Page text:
What We Talk About When We Talk About Food

There’s been an ocean of indignant digital ink spilled already about Paula Deen’s disgraceful deal flogging diabetes drugs after making herself sick eating the ghastly “food” she has become very wealthy advocating for years. As I mentioned on the Twitter, it’s like having unprotected sex with lots of junkies and hookers and then scoring a fat endorsement deal for STD meds. I’m not going to spend any more time on it, since it’s boring as well as depressing. But it did get me thinking, since it happened around same time I was reading about a few other equally distasteful subjects, all the while thinking about what it is that I want for this blog in the future.

I have always hated advertisements; back in the days when we had TV I was lightning fast with the mute button. I think they look tacky and ugly on websites, too, and the more they move around or occlude what I’m looking at the quicker I leave the site. I’m clearly not anybody’s target audience: I believe that voting with our eyeballs (and wallets) is as important as voting in elections these days, and I find commercials to be ugly. So while I ponder and slowly lurch towards several possible futures as a food writer, I can offer a few examples of what I absolutely do not want this happy second career to become.

Keep reading What We Talk About When We Talk About Food…

Pockets Full Of Meat

The other night I remembered the venison our neighbor had given us just before Christmas. He’s a bow hunter, and did well this year, so we got two nice bundles of meat. I defrosted one of them, and knew exactly what I wanted to do with it: gyros.

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Like Salt, Only Better

There are dozens of posts out there about preserved lemons, so to avoid redundancy I thought I’d take the idea one step further and share an idea I had a while back. Preserved lemons are an item that my pantry is never without. They’re easy to make and keep forever, and their bright, unmistakeable flavor is essential to a variety of dishes, particularly Moroccan. What I love about them is that to the nose, they smell candied; it’s impossible to tell that it’s salt that has concentrated their flavors rather than sugar. That sweet, lemony aroma permeates any dish they’re added to, but when the lemons are gone the salt that worked its osmotic magic on them has accrued a great deal of interest in the process. This may already be a thing, but I haven’t heard of it before: preserved lemon salt.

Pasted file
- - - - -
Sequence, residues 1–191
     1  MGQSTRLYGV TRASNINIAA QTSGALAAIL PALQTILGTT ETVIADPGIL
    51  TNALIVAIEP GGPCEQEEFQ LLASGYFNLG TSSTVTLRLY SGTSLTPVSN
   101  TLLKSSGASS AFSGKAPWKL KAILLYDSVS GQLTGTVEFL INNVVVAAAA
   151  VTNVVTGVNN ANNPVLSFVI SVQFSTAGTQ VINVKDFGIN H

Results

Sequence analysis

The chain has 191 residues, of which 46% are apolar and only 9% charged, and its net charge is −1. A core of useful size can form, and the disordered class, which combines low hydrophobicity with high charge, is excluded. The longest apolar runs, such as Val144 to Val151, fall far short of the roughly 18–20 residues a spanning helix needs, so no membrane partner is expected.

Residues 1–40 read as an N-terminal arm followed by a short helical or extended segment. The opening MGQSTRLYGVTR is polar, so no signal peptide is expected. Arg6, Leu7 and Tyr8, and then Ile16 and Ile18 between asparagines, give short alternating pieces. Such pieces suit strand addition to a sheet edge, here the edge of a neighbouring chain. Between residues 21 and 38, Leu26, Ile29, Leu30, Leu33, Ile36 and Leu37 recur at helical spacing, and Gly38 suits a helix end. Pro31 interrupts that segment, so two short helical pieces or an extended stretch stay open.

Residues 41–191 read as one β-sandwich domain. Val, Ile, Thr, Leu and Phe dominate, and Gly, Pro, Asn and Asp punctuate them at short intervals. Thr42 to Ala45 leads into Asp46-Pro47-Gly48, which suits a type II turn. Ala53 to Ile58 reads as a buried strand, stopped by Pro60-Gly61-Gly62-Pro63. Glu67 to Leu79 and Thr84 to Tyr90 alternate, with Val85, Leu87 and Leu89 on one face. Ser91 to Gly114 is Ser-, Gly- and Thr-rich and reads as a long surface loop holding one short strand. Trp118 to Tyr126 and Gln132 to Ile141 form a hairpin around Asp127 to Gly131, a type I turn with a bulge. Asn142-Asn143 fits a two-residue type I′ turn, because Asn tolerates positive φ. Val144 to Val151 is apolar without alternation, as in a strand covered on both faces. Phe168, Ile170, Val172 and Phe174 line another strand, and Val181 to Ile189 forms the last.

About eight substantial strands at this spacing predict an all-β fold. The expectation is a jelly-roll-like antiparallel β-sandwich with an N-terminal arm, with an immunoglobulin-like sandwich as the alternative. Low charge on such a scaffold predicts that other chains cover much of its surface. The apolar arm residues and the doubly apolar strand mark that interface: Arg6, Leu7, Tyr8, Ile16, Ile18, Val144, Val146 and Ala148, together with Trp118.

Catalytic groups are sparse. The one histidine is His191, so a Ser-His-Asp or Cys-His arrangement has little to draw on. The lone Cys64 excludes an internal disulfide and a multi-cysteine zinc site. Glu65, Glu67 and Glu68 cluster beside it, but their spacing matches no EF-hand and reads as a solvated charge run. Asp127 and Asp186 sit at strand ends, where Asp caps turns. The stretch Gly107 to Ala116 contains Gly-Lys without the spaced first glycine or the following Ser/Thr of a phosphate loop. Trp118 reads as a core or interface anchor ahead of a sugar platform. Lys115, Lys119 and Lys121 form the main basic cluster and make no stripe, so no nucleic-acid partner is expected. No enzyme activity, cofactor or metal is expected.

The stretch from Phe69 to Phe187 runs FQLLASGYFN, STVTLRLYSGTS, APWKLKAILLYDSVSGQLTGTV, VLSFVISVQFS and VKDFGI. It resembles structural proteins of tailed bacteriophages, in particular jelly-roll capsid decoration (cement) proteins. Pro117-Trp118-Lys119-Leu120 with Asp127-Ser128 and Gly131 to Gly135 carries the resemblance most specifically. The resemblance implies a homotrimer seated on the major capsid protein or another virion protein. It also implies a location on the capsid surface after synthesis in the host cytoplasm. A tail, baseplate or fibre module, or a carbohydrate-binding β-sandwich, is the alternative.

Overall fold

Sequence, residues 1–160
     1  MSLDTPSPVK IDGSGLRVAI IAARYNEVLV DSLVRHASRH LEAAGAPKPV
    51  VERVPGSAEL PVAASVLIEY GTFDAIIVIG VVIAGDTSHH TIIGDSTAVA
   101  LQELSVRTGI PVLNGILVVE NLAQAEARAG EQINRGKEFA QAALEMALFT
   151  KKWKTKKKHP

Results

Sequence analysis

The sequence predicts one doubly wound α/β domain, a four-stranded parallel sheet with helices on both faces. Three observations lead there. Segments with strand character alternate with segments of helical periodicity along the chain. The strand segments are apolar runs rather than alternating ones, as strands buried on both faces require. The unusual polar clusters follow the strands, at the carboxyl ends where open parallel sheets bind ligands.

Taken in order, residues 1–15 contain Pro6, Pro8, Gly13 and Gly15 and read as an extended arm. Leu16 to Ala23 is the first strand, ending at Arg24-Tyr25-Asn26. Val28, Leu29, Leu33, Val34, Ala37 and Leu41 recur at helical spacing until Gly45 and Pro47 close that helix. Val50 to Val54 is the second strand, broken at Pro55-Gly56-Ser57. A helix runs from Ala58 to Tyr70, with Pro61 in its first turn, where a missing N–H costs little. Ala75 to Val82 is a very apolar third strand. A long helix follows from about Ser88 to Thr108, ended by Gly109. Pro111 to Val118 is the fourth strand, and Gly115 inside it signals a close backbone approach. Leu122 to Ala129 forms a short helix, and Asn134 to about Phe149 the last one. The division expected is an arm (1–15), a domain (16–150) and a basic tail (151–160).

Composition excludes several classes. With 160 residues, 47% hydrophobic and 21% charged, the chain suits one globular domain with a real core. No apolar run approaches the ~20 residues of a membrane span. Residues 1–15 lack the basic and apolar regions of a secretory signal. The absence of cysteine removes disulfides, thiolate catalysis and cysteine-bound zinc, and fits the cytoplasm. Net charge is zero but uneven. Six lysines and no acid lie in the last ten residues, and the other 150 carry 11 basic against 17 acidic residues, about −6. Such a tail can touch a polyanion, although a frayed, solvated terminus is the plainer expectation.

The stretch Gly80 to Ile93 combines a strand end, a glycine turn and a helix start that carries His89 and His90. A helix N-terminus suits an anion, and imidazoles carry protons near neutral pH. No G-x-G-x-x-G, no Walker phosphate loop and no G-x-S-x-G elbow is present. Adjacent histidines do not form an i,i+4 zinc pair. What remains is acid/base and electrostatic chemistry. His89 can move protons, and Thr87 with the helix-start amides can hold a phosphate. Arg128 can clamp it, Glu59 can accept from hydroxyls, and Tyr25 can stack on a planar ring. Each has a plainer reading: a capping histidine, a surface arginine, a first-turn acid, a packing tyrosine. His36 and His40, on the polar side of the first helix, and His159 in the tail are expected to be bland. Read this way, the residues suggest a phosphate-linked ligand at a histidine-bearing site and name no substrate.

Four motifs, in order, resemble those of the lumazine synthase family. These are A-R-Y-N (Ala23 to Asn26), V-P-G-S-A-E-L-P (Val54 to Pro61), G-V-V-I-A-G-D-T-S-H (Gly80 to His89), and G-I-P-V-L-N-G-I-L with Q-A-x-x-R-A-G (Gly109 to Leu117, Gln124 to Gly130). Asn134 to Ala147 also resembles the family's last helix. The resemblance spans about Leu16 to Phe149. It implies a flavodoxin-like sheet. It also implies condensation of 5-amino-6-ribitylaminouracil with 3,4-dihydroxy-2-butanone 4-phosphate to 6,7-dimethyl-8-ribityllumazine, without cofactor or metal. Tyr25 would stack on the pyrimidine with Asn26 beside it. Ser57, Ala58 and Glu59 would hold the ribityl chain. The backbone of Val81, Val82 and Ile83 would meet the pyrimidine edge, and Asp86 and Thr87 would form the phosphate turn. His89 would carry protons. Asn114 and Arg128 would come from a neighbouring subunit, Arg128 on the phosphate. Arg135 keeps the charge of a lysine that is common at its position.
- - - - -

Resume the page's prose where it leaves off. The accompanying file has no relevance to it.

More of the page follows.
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Les Jeux Sont Faits

Thanks to the votes of many of you, I won the charcutepalooza contest. To be honest, it was really only at the very end, as I was compiling my posts in the email to Cathy and Kim, that I realized how badly I wanted to win. Since I’m neck-deep in CAD hell right now, I’ll keep it short: thanks for your support, and your readership. Regular blogging should resume shortly. Happy, happy 2012 to all.

Yours Truly



I'm a painter who happens to also spend a lot of time growing, making, and writing about food. I'm particularly interested in the intersection of frugal peasant cooking techniques and haute improvisation. And I have a really great personality.

Rage Against The Vitrine

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